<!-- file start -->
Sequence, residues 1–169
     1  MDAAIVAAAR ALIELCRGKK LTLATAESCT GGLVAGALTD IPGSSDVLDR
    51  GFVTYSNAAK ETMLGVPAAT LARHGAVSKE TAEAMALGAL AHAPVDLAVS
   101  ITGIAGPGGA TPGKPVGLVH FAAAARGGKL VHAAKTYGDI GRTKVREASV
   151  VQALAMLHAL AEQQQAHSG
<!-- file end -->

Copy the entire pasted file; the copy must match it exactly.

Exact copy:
Sequence, residues 1–169
     1  MDAAIVAAAR ALIELCRGKK LTLATAESCT GGLVAGALTD IPGSSDVLDR
    51  GFVTYSNAAK ETMLGVPAAT LARHGAVSKE TAEAMALGAL AHAPVDLAVS
   101  ITGIAGPGGA TPGKPVGLVH FAAAARGGKL VHAAKTYGDI GRTKVREASV
   151  VQALAMLHAL AEQQQAHSG